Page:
Dr. Fulai Jin has an interdisciplinary background. He got a B.S. degree of biology and a B.E. degree of computer sciences from University of Science and Technology of China (USTC). He then obtained a PhD degree in Molecular and Medical Pharmacology from University of California, Los Angeles (UCLA). In graduate school, Dr. Jin worked in the field of chemical biology performing screens for small molecules or drug target genes using various functional genomic approaches. He developed a smart-pooling method to improve the efficiency of such screening experiments. In the meantime, Dr. Jin also obtained formal training in biostatistics.
After graduation, Dr. Jin did his postdoc training with Dr. Bing Ren at Ludwig Institute for Cancer Research and switched to the field of genomics, epigenetics and transcription regulation. During his postdoc, Dr. Jin used a new genomic method called Hi-C and generated the first high-resolution genome-wide map of DNA looping interactions in mammalian cell, which can reveal contacts between any two 5-10kb DNA segments. Such information of 3D genome architecture is critical for our understanding of gene regulation in human diseases. Dr. Jin joined the Genetics Department in 2015 as an assistant professor.
Organization of mammalian genome is very complex. Recent advances of sequencing technologies have already allowed us to characterize genome and epigenome in one-dimensional space. For example, using antibodies against histone marks or protein factors, we can use ChIP-seq to map euchromatin, heterochromatin, as well as many types of cis-regulatory elements including promoters, enhancers, and insulators (see Figure).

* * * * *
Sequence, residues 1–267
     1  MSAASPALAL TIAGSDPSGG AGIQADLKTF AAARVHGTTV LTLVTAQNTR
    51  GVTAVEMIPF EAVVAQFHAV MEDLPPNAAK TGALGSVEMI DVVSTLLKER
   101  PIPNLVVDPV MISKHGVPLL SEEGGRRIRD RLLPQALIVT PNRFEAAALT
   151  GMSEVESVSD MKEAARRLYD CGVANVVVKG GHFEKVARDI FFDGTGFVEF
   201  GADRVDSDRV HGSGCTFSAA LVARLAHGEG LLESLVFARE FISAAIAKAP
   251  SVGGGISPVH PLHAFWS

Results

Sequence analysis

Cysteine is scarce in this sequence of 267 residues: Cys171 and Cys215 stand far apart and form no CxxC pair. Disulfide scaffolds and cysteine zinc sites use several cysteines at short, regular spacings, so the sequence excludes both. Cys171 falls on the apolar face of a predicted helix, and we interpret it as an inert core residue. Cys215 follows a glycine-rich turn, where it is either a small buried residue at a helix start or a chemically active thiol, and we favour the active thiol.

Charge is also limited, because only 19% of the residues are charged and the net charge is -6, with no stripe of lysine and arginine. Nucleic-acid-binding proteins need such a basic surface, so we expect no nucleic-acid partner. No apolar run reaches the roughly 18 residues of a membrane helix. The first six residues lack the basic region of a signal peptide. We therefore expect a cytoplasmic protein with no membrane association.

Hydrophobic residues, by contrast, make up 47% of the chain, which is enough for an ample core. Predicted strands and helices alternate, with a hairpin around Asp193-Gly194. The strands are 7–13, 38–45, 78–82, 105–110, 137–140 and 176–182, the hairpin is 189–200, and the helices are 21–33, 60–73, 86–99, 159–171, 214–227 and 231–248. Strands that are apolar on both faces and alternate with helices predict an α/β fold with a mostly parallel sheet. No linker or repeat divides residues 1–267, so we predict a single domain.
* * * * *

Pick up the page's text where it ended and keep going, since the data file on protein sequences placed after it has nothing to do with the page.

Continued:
In the 3D space, mammalian genome is also folded and packed in a highly organized fashion. Besides the well know chromatin relaxation and compaction associated with "open" and "closed" chromatin, DNA also form long-range loops which allow contacts between various cis-regulatory elements. Understanding genome organization is very important for genetics study. For example, mutations at enhancers may alter the expression levels of target genes from hundreds of kilobases away, leading to human diseases.
The Jin lab is interested in the global study of 3D genome architecture. The lab has both "wet" components and "dry" components. Research projects focus on several key challenges in this emerging field:
- Developing experimental and computational tools for genome-wide identification of DNA looping interactions at high-resolution.
- Understanding the genetic and epigenetic mechanisms that may governs genome architecture.
- Understanding the impacts of genome architecture on cellular functions and human diseases.